Perpetual signaling with imperfectly correlated costs
In many imperfect-information models in industrial organization, a firm is induced to take an action that does not maximize its first-period profit because other firms view this action as a signal about the firm's private information. In these models, because the opponent firms can correctly invert the firm's strategy, all information is revealed after play in the first period, and in subsequent periods all firms play their single-period profit-maximizing strategies. Thus, behavior like limit pricing is observed only in the first period, and not in any subsequent period. The empirical importance of such signalling behavior, however, depends on its being perpetuated through time rather than being a single-period phenomenon. In this article, such perpetual signalling is obtained by allowing the variable about which firms have private information to vary through time. In a separating equilibrium, while a firm's action will perfectly reveal its private information in a period, it will not perfectly reveal the firm's private information in subsequent periods. Thus, the incentive to signal perpetuates through time.
(This abstract was borrowed from another version of this item.)
To our knowledge, this item is not available for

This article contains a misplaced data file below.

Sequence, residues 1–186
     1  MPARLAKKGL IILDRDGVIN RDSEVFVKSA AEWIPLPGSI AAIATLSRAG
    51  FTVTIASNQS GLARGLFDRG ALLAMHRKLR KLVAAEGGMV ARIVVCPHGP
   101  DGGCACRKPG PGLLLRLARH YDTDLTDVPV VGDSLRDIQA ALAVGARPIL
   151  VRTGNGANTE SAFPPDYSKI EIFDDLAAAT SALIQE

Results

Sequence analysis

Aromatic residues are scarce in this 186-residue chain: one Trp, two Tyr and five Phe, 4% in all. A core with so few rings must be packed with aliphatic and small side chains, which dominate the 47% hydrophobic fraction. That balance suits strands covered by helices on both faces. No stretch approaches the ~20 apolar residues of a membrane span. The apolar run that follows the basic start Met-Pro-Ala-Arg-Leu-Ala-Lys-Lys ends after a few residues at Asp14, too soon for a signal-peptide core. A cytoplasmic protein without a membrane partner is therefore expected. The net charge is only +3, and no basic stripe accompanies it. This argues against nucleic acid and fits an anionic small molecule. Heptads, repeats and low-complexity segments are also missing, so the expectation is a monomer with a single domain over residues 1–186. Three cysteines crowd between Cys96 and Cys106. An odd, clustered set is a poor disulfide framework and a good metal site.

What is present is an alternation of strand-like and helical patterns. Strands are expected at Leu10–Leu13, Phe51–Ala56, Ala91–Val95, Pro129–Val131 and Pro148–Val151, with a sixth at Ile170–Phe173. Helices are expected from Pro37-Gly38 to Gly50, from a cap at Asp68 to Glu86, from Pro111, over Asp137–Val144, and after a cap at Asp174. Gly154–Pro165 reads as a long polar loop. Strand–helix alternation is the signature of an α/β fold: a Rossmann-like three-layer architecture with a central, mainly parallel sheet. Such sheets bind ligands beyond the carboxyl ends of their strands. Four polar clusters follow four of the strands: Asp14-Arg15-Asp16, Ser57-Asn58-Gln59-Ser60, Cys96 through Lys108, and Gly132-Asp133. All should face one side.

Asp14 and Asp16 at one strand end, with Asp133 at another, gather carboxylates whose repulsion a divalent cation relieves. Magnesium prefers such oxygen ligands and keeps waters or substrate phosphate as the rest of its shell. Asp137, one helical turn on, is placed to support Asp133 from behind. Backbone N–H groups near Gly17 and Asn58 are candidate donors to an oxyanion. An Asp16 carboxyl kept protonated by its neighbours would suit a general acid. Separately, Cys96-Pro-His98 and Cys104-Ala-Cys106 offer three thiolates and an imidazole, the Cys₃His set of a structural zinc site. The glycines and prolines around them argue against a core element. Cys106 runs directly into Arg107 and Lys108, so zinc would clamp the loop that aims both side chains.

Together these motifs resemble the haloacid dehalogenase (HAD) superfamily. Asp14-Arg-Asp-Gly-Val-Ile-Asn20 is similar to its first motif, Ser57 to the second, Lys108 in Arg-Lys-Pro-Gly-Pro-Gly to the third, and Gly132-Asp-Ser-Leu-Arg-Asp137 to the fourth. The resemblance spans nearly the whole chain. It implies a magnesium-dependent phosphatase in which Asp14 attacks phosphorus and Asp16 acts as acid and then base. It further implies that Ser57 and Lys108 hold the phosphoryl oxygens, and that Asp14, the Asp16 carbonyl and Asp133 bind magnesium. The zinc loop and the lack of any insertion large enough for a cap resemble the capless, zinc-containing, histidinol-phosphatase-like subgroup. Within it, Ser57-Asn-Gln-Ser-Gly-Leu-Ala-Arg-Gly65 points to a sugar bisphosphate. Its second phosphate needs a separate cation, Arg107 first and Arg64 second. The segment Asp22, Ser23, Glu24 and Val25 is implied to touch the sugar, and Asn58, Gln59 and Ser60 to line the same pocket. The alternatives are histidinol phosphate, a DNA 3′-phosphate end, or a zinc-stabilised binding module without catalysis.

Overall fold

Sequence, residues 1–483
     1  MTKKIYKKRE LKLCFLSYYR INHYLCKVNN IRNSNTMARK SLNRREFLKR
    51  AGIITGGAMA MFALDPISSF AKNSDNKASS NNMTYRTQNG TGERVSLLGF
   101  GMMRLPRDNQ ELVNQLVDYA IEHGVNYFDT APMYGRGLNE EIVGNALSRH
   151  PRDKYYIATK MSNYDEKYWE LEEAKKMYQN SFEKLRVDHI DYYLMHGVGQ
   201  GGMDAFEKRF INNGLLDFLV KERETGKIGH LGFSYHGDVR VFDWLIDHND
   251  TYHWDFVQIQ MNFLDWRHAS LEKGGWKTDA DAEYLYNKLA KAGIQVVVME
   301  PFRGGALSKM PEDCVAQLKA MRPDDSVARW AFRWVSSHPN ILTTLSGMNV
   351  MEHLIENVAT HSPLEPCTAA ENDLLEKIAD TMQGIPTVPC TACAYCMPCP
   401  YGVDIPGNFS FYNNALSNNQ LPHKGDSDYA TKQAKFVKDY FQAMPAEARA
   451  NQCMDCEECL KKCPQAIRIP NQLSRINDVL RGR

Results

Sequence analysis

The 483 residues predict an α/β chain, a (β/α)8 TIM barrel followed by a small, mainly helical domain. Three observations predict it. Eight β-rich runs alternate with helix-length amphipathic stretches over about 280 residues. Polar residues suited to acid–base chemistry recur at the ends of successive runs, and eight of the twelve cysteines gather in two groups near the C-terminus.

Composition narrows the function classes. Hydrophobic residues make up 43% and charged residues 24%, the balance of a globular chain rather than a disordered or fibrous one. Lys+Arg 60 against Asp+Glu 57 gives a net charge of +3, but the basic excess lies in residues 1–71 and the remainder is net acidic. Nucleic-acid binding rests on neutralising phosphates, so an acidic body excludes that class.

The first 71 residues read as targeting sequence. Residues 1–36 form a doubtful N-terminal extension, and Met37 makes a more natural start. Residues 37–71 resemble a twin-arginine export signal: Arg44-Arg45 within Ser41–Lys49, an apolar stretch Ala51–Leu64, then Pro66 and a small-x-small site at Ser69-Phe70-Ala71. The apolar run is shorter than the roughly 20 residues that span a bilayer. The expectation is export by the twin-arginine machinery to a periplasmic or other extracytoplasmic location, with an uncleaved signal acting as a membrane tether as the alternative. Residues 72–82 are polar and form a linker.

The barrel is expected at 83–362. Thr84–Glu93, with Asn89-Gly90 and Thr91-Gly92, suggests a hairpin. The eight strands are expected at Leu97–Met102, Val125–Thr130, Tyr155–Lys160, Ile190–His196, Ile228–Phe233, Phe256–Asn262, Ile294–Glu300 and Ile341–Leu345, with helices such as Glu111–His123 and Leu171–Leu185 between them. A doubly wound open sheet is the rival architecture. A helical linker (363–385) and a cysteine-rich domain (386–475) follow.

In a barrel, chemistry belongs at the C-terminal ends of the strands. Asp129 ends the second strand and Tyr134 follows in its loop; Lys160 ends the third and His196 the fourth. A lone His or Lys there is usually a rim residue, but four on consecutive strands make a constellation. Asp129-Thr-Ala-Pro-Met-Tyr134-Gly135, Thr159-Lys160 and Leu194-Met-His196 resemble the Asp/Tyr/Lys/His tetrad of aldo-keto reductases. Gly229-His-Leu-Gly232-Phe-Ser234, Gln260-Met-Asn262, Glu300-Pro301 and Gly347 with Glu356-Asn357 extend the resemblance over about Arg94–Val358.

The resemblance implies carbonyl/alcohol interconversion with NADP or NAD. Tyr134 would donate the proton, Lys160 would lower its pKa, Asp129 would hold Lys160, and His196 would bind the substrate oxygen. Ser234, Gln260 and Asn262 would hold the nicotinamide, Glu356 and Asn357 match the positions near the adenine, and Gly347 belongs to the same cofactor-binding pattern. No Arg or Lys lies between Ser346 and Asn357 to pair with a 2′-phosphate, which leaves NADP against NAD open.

download. To find whether it is available, there are three
1. Check below under "Related research" whether another version of this item is available online.
2. Check on the provider's web page whether it is in fact available.
3. Perform a search for a similarly titled item that would be available.
|Date of creation:||1990|
|Date of revision:|
|Contact details of provider:|| Postal: |
Web page: http://www.philadelphiafed.org/
More information through EDIRC
|Order Information:|| Web: http://www.phil.frb.org/econ/wps/index.html Email: |
When requesting a correction, please mention this item's handle: RePEc:fip:fedpwp:90-13. See general information about how to correct material in RePEc.
For technical questions regarding this item, or to correct its authors, title, abstract, bibliographic or download information, contact: (Beth Paul)
If references are entirely missing, you can add them using this form.